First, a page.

Welcome to Regression Alert, your weekly guide to using regression to predict the future with uncanny accuracy.
Returning readers, you know how this works by now, but for new readers here's the deal. Every week I take a look at a specific statistic that is prone to regression and identify high and low outliers in that statistic, and then I wave my hands in the air and shout “regression!”
But since predictions aren't any fun without someone holding your feet to the fire afterward, I don't stop there. I lump all of the high outliers into Group A. I lump all of the low outliers into Group B. I verify that Group A is outperforming Group B. And then I predict that Group B will outperform Group A over the next four weeks.
I don't get to pick and choose my groups, beyond being free to pick and choose what statistics are especially prone to regression. If I'm tracking yards per target, and Antonio Brown is one of the high outliers in yards per target, then Antonio Brown goes into Group A and may the fantasy gods show mercy on my predictions.
And then, groups chosen and predictions made, I track my progress. That's this.
In Week 2, I outlined what regression was, what it wasn't, and how it worked. No prediction was made.
In Week 3, I listed running backs with exceptionally high and low yards per carry averages and predicted that the low-ypc cohort would outperform the high-ypc cohort over the next four weeks.
In Week 4, I looked at receivers who were overperforming and underperforming in yards per target and predicted that the underperformers would outperform the overperformers over the next four weeks.
In Week 5, I compared the predictive accuracy of in-season results to the predictive accuracy of preseason ADP. Outside of a general prediction that players would tend to regress in the direction of their preseason ADP, no specific prediction was made.
In Week 6, I looked at quarterbacks who were throwing too many or too few touchdowns given the amount of passing yards they were accumulating, then predicted that the underperformers would score more fantasy points than the overperformers going forward.
In Week 7, I looked at receivers who were catching too many or too few touchdowns based on their yardage total, then predicted that the underperformers would score more fantasy points than the overperformers going forward.
|Statistic for regression||Performance before prediction||Performance since prediction||Weeks remaining|
|yards per carry||Group A had 60% more rushing yards per game||Group B has 16% more rushing yards per game||None (Win!)|
|yards per target||Group A had 16% more receiving yards per game||Group B has 11% more receiving yards per game||None (Win!)|
|passing yards per touchdown||Group A had 13% more fantasy points per game||Group A has 34% more fantasy points per game||2|
|receiving yards per touchdown||Group A had 28% more fantasy points per game||Group A has 13% more fantasy points per game||3|
Another week, another prediction closed out. Like our yards per carry prediction, our yards per target prediction played out spectacularly. Over the first three weeks, our Group A receivers collectively averaged 11.68 yards per target, while Group B averaged 7.14.
In the four weeks since, Group A's yards per target average fell to 7.89, while Group B's rose to... 7.86. And since Group B retained its target per game advantage like we predicted, Group B wound up averaging 61.7 yards per game to Group A's 55.5.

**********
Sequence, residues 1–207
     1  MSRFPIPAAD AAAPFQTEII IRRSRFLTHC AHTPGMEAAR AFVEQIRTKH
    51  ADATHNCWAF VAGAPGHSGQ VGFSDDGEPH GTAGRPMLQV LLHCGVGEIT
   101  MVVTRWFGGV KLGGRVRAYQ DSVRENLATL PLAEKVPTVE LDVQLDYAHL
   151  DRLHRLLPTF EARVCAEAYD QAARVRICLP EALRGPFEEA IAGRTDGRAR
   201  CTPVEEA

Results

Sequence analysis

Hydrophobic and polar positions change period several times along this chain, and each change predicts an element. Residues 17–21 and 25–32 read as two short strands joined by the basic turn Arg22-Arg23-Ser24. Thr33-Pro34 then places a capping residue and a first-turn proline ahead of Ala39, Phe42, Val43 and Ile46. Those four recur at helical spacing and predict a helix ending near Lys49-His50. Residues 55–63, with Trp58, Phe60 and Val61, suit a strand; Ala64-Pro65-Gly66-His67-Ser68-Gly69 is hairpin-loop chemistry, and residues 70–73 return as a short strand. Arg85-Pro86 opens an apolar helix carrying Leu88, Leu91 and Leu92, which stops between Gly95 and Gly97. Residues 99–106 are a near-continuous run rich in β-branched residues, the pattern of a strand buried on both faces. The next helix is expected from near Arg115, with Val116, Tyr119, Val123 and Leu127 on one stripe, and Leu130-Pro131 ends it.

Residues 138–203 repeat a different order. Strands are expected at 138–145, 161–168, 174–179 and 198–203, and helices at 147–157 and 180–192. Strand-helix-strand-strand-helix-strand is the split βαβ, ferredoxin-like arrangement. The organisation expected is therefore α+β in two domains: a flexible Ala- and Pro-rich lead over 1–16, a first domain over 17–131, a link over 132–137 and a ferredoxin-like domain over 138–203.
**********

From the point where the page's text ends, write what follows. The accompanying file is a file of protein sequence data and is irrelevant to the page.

While it was a good week for the yards per target prediction, it was kind of a disastrous one for our touchdowns per passing yard one, as players like Prescott, Carr, and Wentz managed to smash the forces of regression. All told, six quarterbacks from Group A played last week, and five of them finished among the top seven fantasy passers. (The other two were Group B quarterbacks.)
As I've said before, regression to the mean operates over larger timescales, but with two weeks left to go and the Group A quarterbacks looking like they're heating up, things don't look great for Regression's undefeated streak at this point.
Anyway, on to the prediction.
Yards Per Carry Redux
Our first yards per carry prediction played out beautifully, but perhaps that was just because two weeks was too small of a sample size. Surely now, with the season nearly half over, yards per carry is a better predictor? Let's find out.
To change things up a bit, I just wanted to compare secondary options. By and large, players like Leonard Fournette and Ezekiel Elliott and Le'Veon Bell aren't going to be changing hands in fantasy football. But teams often do try to trade for a second or third running back to patch some holes. So let's see which backs are worth acquiring.
To create my list, I pulled up every running back with at least 50 carries, but fewer than 70 fantasy points in standard scoring. This gave me 27 names, which gets reduced to 26 when we remove Dalvin Cook, (who is done for the season).
Most of those backs are clustered in the 3.4-4.5 yard per carry range, which is relatively sustainable, but we have five high and five low outliers.
Collectively, Group A averages 25% more fantasy points per game than Group B in standard scoring, and it's stocked full with trendy sleepers going forward. Other than Mixon, Group B is mostly unsexy veterans and players at risk of losing their jobs.
Nevertheless, the whole premise of this column is that I don't get to pick my groups, so I'll hold my breath and predict that Group B scores more fantasy points per game than Group A going forward.
(If you play in PPR, Group A's lead is just 5.5% instead, and Group B becomes an even more attractive play.)
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